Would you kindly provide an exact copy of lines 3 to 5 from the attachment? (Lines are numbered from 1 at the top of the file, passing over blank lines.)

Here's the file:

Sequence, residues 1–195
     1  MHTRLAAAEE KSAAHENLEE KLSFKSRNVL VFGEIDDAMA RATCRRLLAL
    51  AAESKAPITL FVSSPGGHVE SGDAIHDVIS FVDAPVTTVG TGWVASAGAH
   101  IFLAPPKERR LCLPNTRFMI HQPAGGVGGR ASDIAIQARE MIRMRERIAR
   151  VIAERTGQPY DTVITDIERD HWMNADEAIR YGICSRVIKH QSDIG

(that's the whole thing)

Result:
    51  AAESKAPITL FVSSPGGHVE SGDAIHDVIS FVDAPVTTVG TGWVASAGAH
   101  IFLAPPKERR LCLPNTRFMI HQPAGGVGGR ASDIAIQARE MIRMRERIAR
   151  VIAERTGQPY DTVITDIERD HWMNADEAIR YGICSRVIKH QSDIG